I am a champion of Catholic faith schools. My only reservation is that too many of my friends report that so few of their children, or grandchildren, enter their adult lives as believing and practising Catholics. However today I want to try an exercise. A good ploy in an argument is to be well aware of the case which your opponent will make. It prepares you to make the best case in return. So, I have invited our old sparring partner, Advocatus Diaboli, to do his best (or his worst). I hope you will answer him roundly.
Thank you, Quentin. I am, as you know, a liberal. So I am very much in favour of faith schools – provided that the doctrinal content is innocuous (or nearly so). I think that parents have rights here which we must all defend. I would even champion the rights of the Church of Father Christmas if the parents wished it. After all, there is as much evidence for its doctrines as there is for Catholic schools. Perhaps rather more – I still find a stocking at the end of my bed!
But I can see no credible reason why I should pay for Father Christmas schools through taxation. If they want a specialist education suited to their idiosyncrasies they must pay for it like anyone else. And so must Catholics. I know we call ourselves a Christian country (though if we remembered our own history of internecine religious squabbles, we might hesitate to broadcast that) but in fact we are now a secular society in which the butt ends of the Christian denominations are a shrinking and irrelevant minority.
And that brings me to a further liberal point. We have a very mixed society in class terms, intellectual terms, racial terms and religious terms. While I rejoice in variety, it is essential that we all meld as a community, understanding each other and working together for the good of all. Yet what do we do? We encourage schools in which we can keep our children in comfortable denominational ghettoes, finally launching them into the world with all their prejudices uncontaminated by the rest of our society. It’s potentially disastrous for society – and even more so for the children who have to face adult life without any living experience of the sincere views and beliefs of others. This is surely folly. But I certainly favour the teaching of comparative religion: this is the best way to learn how little any religion depends on evidence – allowing almost any kind of belief that happens to take your fancy.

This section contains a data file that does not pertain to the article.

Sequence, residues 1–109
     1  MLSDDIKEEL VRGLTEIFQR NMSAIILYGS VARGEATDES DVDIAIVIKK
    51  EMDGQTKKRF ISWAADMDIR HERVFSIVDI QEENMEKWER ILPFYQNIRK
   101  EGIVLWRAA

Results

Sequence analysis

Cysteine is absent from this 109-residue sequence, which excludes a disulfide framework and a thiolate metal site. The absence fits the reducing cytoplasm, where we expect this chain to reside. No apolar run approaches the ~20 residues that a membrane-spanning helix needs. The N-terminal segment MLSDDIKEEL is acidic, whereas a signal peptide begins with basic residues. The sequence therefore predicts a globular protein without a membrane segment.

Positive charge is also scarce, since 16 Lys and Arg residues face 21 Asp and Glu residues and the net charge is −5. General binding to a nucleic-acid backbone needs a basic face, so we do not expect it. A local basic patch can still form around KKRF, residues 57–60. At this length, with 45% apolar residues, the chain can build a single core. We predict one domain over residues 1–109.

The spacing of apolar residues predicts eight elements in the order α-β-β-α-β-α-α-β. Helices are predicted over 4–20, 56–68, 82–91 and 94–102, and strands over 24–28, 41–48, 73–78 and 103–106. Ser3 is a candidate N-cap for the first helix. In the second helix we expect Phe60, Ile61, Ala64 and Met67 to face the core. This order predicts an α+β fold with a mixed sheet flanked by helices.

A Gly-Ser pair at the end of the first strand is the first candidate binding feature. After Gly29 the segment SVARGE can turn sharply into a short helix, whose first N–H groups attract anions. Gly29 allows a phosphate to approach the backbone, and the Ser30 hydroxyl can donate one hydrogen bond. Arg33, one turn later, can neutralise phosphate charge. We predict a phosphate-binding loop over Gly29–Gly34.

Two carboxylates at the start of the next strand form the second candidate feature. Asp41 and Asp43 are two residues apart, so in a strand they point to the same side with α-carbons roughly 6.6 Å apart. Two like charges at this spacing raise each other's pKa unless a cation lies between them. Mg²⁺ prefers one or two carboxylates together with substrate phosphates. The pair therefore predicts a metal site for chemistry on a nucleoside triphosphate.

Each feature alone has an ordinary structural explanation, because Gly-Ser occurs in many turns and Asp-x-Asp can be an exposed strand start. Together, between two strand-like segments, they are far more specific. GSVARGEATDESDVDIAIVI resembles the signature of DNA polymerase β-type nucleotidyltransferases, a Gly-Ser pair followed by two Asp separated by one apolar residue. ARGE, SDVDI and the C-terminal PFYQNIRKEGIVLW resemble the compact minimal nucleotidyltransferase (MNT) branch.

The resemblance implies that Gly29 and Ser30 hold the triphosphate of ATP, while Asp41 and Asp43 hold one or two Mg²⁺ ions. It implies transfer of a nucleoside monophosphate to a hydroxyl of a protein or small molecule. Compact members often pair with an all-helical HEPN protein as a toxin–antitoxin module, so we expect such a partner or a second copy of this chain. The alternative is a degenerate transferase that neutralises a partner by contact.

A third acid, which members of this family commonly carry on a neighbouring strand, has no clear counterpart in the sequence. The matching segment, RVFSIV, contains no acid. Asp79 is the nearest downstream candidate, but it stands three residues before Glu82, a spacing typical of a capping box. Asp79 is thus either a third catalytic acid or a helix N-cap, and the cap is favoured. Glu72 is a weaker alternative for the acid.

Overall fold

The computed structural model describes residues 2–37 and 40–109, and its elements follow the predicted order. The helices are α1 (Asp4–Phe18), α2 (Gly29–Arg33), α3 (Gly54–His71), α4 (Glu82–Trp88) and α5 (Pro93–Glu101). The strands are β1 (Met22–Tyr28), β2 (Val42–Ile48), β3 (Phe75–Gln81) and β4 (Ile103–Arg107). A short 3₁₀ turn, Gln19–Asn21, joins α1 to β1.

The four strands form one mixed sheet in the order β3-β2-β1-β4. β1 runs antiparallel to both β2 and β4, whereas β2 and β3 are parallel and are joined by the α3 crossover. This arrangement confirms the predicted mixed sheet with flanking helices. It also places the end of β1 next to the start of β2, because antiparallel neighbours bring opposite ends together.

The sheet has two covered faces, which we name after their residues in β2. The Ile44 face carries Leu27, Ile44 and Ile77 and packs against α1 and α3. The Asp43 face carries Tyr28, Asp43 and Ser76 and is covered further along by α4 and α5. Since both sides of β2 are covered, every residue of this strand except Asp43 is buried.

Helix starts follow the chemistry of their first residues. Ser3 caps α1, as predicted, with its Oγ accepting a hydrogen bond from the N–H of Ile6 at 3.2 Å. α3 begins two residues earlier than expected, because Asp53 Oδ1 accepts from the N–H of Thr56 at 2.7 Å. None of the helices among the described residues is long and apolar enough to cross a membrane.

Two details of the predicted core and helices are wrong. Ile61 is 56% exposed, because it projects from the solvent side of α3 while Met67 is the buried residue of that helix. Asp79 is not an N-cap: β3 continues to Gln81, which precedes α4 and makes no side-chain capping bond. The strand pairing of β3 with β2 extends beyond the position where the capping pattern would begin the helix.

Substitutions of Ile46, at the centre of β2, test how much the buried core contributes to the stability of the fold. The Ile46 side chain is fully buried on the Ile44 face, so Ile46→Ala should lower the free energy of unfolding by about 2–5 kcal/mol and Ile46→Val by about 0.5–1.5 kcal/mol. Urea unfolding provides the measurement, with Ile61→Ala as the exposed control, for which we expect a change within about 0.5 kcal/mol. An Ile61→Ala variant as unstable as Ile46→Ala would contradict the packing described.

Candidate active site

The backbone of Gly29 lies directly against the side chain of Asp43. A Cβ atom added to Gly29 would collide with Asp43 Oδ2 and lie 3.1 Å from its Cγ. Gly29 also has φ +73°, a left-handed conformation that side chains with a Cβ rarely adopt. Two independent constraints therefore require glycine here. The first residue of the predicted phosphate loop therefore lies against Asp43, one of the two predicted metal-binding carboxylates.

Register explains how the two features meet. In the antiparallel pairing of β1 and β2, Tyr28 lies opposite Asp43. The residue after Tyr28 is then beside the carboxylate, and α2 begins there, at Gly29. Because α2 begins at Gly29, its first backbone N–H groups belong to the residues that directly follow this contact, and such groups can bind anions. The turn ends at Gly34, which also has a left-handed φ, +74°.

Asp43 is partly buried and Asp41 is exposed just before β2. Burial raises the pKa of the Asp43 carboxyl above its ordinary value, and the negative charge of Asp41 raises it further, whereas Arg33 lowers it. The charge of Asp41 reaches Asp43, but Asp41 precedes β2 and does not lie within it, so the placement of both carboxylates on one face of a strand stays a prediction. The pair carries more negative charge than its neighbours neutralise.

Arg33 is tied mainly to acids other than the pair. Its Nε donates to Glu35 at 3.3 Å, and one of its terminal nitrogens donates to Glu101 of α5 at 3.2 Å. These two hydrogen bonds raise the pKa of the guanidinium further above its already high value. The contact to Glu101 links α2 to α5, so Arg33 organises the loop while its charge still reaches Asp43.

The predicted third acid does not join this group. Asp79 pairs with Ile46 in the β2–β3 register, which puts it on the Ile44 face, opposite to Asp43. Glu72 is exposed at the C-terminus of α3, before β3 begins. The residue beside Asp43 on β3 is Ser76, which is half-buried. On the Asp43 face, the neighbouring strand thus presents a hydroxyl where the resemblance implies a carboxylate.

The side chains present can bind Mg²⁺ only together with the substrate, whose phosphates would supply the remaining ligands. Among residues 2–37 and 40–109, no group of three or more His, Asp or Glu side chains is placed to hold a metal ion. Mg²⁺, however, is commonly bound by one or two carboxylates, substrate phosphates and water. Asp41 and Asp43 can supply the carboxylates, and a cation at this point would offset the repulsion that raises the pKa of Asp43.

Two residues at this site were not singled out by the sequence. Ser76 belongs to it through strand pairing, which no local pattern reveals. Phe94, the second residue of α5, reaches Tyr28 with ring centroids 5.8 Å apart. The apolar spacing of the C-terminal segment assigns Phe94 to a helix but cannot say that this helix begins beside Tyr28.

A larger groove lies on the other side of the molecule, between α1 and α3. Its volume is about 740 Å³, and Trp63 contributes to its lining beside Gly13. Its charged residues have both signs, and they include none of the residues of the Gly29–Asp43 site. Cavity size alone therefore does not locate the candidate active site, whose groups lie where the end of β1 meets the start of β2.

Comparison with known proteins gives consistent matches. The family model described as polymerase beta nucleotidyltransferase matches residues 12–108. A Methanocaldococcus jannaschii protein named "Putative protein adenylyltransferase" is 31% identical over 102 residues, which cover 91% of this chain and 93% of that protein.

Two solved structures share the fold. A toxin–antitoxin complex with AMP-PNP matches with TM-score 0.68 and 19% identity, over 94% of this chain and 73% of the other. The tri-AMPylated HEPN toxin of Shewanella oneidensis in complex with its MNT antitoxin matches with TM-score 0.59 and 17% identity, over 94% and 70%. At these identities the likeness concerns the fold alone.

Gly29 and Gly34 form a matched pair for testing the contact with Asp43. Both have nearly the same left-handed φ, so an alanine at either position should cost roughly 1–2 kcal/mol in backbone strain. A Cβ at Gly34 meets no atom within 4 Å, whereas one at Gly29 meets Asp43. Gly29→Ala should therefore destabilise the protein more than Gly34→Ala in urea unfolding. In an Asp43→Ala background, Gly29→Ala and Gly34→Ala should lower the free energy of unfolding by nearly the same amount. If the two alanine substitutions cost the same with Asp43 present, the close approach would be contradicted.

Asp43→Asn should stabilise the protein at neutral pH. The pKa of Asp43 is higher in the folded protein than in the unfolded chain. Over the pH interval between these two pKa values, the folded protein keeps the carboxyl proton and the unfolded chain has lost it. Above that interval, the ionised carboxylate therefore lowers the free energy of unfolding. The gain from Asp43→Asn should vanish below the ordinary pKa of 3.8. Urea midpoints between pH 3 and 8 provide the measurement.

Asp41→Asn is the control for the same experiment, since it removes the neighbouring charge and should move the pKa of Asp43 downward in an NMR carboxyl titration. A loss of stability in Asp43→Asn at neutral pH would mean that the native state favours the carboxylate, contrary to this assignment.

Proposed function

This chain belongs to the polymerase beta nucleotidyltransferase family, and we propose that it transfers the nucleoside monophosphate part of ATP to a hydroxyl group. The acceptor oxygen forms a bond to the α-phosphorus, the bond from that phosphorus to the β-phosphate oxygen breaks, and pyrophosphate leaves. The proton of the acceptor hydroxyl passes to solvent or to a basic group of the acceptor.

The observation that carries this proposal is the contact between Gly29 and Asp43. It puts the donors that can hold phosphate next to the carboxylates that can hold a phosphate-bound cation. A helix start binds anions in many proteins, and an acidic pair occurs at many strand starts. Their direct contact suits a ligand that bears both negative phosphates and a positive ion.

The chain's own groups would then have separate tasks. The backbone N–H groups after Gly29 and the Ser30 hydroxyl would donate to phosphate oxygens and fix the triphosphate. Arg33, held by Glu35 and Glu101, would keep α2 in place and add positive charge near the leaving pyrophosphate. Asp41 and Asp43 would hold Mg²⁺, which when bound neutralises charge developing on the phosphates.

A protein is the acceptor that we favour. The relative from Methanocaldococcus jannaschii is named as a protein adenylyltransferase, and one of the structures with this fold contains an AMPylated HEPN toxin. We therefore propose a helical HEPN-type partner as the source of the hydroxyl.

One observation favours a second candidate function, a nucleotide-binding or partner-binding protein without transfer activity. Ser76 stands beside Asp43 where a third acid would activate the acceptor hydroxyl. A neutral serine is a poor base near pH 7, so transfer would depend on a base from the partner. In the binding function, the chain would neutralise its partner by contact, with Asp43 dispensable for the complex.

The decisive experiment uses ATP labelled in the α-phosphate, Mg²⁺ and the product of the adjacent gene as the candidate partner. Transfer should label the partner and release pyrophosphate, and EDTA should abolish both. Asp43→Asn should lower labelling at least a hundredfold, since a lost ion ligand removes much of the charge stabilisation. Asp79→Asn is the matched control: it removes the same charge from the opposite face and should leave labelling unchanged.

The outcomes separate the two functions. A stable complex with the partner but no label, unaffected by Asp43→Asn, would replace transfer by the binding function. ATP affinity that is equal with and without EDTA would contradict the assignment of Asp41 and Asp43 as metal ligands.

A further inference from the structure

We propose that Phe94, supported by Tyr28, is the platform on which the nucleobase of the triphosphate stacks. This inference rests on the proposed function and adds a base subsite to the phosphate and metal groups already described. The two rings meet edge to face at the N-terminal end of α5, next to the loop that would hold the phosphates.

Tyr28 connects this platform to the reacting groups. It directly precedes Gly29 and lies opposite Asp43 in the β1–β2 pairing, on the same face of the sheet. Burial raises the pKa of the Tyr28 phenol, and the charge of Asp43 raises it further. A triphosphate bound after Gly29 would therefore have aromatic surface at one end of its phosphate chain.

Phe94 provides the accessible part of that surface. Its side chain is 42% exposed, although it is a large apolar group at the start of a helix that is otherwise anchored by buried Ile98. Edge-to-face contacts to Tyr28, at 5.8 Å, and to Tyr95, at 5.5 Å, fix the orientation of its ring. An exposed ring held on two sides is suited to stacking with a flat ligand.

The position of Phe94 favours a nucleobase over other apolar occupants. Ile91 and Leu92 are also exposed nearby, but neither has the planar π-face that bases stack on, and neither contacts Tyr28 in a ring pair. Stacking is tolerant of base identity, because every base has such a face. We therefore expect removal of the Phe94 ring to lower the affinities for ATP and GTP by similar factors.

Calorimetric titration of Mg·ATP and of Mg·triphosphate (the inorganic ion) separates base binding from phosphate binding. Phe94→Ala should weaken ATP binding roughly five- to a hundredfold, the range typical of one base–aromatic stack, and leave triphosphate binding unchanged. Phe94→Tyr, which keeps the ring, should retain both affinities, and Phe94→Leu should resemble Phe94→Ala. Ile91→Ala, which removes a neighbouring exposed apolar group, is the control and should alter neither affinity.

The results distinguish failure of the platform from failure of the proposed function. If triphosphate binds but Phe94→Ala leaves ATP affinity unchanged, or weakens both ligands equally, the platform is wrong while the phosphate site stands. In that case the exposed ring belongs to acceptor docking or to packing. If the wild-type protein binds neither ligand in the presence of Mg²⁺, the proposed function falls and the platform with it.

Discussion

It is, of course, said that Catholic schools tend to get better results than the average. But that’s not surprising is it? You would imagine that parents who have a religion and are prepared to dodge and weave in order to get their children into a favoured school are likely to have a higher IQ than average. And that’s borne out by the fact that Catholic schools have a smaller proportion of children who qualify for free school meals. And, while I am on that point, just think how a parent would feel if a child were refused a place in a Catholic school which was in the next road simply because the little mite wasn’t a god-botherer!
And that, Quentin, brings me back to your point about Catholic schools not even achieving their end as brain-washers. You know as well as I do that Catholic teachers are like everyone else – as few of them believe in Catholic teaching on sex issues as the rest of the Catholic population. How do you inspire people to follow what you don’t believe yourself? The children are too young to be exposed to intellectual dishonesty. They may get away with it at primary school – at the ‘gentle Jesus, meek and mild’ level but their chances at secondary are nil. That’s a good thing, by the way – the children won’t be tricked into not using contraception, they won’t deny women their rights to abortion, and they won’t despise Gays as given to “disordered” unnatural activities.
So when I recommend that you ditch faith schools I am doing you a favour. If you think highly of Catholic teachers, then get them into secular schools and benefit everyone. And of course you can give all the Catholic indoctrination you like after hours. Make it voluntary and you won’t find the numbers a burden. And you might even end up with more practising Catholic adults than you do today.